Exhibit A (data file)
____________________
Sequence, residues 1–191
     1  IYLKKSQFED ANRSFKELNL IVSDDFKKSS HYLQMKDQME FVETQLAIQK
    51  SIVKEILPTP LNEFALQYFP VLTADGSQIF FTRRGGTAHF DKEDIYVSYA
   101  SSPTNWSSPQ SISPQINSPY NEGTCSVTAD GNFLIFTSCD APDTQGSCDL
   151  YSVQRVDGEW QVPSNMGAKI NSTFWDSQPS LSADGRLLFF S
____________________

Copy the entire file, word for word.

Sequence, residues 1–191
     1  IYLKKSQFED ANRSFKELNL IVSDDFKKSS HYLQMKDQME FVETQLAIQK
    51  SIVKEILPTP LNEFALQYFP VLTADGSQIF FTRRGGTAHF DKEDIYVSYA
   101  SSPTNWSSPQ SISPQINSPY NEGTCSVTAD GNFLIFTSCD APDTQGSCDL
   151  YSVQRVDGEW QVPSNMGAKI NSTFWDSQPS LSADGRLLFF S